Krista Peters

Return to Artist List



Artist Statement

“The human being is a creature of distance! And only by way of the real primordial distance that the human in his transcendence establishes toward all being does the true nearness to thing begin to grow in him.”
How can one intimately engage with an expansive distance; the space between two mountain ranges, the distance across a landscape, the view outside your window, from a room you reside in to another you are deeply connected with? Does the rate of perception of an intimate space differ from that needed to perceive landscape? I am interested in how one place can meet another, for one space to move beyond itself, reach outside itself and pull another in.   How can one engage, move with, encounter another body through distance, what if that distance is time? I am interested in how one body can encounter, meet, move with another through place and material, when the physical meeting is slipped out of time. Current motions engage in resonant motions and a dance is formed, through place, temporally expanding the present.

I am interested in the possibility of the projected body or conjured body maintaining a similar relationship to the concrete body in place. Through my practice, working on site at specific locations has played a large role in the development of my understanding of places that still carry layers of actions of many past functions in relationship to a body. I am drawn to locations and places that have long been occupied but currently inactive. As if the body has yet to be detached from its placeness, with the feeling of the body and its motions still present. My interest within these locations are in the engagement with a body that may move slower in time opening up to the actions of past and future bodies, entering into a conversation with generational movement and the collective body.
Within objects, I consider the differences of material and matter; material normally thought of as a substance with a given or determined utility, while matter is far more indeterminate and normally void of a specified potential use. The utility of material is dependent on the human body, the body performing an action. Each material’s use is suggestive of the motion of the body engaged with it; each relationship is a physical one. Similarly to matter and material, the difference between place and space is split by their relationship to utility or action that is programed within it or resonates from it. Place has a direct relationship with a given action, use or location, while space has a more ambiguous association with our relation to it. In recognizing the layers in which utility/action striate a material or place I begin to recognize the phenomenological reaction that occurs in association with objects or places utility, openness, and determined potentiality.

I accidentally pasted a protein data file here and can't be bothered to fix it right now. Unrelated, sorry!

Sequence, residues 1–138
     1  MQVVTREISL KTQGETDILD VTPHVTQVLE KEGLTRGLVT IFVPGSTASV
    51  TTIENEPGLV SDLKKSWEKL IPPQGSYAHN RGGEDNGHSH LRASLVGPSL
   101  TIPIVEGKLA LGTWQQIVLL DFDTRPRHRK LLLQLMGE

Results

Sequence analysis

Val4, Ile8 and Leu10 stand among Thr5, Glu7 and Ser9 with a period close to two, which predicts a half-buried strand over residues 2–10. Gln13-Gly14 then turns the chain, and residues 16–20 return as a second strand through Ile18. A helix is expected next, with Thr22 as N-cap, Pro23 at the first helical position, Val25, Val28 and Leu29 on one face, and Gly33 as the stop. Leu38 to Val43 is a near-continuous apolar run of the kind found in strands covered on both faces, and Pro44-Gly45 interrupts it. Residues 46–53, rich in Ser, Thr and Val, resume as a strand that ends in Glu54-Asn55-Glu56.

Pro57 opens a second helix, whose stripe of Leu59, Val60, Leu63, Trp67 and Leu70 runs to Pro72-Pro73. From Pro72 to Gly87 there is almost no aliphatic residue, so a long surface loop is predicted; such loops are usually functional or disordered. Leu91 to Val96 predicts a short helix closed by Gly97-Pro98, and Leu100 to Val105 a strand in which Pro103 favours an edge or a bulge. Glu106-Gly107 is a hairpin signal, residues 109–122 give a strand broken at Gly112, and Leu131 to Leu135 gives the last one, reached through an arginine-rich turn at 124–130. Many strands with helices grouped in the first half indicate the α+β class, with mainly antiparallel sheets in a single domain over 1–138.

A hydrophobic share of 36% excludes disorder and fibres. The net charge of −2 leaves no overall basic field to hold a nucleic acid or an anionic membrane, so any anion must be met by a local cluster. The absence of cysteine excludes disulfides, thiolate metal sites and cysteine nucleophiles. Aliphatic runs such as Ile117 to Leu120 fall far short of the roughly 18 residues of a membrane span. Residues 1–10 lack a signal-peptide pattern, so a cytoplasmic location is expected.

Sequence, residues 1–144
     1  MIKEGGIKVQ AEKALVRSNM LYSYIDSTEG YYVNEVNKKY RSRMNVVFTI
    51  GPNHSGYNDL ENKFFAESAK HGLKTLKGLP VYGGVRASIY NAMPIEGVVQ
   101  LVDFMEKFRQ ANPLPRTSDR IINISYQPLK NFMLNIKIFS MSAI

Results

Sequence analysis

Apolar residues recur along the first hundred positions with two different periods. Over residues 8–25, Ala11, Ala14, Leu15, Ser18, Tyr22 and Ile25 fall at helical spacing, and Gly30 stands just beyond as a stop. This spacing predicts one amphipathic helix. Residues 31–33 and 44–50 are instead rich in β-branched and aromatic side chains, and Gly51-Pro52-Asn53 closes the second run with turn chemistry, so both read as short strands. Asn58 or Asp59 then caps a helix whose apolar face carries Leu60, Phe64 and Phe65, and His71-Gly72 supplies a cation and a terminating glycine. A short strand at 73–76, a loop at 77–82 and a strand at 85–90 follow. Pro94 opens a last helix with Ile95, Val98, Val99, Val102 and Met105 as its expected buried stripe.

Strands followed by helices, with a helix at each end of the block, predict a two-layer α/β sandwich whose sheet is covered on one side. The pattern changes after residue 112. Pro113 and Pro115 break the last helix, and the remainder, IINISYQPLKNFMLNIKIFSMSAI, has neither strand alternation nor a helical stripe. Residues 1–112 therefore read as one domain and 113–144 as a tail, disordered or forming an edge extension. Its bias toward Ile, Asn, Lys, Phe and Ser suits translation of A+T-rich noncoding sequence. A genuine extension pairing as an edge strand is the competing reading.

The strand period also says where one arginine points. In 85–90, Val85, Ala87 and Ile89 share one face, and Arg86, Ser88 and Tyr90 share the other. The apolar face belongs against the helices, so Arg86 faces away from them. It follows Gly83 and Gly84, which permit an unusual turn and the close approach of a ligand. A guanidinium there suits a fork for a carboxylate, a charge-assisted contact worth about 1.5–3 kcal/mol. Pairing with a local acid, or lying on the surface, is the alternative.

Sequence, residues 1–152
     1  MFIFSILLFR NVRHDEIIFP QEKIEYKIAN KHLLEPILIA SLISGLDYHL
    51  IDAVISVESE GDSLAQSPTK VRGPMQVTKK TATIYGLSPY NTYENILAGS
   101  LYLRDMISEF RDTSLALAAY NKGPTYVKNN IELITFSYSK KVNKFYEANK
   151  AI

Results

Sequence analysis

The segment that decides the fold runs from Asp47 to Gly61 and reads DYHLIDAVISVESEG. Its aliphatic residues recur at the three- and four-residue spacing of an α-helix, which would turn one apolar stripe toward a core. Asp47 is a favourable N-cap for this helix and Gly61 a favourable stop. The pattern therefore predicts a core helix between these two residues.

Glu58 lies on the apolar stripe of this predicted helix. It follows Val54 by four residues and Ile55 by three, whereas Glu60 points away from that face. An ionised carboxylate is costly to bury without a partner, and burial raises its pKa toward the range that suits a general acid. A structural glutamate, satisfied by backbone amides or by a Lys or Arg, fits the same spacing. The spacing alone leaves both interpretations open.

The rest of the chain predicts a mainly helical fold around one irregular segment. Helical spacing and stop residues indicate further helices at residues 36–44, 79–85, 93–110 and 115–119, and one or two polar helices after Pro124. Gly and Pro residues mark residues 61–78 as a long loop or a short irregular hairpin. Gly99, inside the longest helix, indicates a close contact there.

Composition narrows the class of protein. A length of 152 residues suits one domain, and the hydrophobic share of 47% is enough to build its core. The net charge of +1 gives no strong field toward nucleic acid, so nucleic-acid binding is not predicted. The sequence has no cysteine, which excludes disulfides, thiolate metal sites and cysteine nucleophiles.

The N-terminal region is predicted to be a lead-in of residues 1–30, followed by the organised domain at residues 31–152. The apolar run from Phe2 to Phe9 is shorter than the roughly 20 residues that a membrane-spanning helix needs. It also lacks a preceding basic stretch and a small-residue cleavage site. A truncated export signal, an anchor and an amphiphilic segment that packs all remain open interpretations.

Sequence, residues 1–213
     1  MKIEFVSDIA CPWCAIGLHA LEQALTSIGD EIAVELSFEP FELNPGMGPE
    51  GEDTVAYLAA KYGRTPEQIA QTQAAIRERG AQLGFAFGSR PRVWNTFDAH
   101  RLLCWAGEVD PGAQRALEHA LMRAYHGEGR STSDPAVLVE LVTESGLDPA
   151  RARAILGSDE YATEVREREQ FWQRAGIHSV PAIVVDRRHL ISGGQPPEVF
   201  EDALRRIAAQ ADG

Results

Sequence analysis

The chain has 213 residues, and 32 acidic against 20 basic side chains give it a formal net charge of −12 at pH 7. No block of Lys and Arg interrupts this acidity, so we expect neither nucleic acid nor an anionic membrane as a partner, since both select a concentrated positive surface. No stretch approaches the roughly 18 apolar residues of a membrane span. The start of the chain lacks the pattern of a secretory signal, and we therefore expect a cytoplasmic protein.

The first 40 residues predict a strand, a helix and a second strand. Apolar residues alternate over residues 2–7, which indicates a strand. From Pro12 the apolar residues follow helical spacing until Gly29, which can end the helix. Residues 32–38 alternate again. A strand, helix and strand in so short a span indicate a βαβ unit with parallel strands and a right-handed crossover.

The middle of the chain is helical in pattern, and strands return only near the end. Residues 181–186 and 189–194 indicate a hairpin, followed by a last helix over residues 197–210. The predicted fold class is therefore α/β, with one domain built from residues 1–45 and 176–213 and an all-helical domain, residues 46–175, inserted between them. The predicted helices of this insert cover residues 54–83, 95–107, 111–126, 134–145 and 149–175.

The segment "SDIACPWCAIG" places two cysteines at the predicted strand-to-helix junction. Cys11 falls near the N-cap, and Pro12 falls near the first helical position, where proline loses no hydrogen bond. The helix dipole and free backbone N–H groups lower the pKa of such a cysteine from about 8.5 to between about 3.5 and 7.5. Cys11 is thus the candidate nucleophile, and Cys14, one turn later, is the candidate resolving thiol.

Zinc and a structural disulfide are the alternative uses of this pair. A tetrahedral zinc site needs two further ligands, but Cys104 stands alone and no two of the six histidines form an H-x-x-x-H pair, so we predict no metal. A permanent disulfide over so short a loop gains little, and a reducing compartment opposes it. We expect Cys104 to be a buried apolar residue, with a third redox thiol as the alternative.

i Heidegger p. 261 – Casey, Edward. The Fate of Place, A Philosophical History. University of California Press. 1997.



Milton Avery School of the Arts, Bard College, MFA Sculpture, Annandale-on-Hudson, NY.
Barnard College, BA Philosophy, New York NY.

Raylets, Radical Abacus, Santa Fe NM.
CCCC, White Columns, New NY.
Initial Conditions: Artists Make Spaces, Franklin Street Works, Stamford CT>
Bard MFA Thesis Show, Red Hook NY.
Teen Glazed / CC club, Jane Harstock Gallery at Greenwhich House Pottery, New York NY.
Somewheres & Nowheres, International Print Center of New York, curated by Nicola Lopez.
Gymnasia, 4:00am, Cleopatra’s, Brooklyn NY, in collaboration with Rochelle Goldberg, Matthew Schrader and Dmitri Hertz.

Opportunity Grant, New York Foundation for the Arts, New York, NY.
NYFA Fiscal Sponsorship, New York Foundation for the Arts, New York, NY.
Cultural Funding Program Grant, City of Austin, Austin, TX.
Art on Paper, LBI Foundation of the Arts & Sciences, Long Beach Island, NY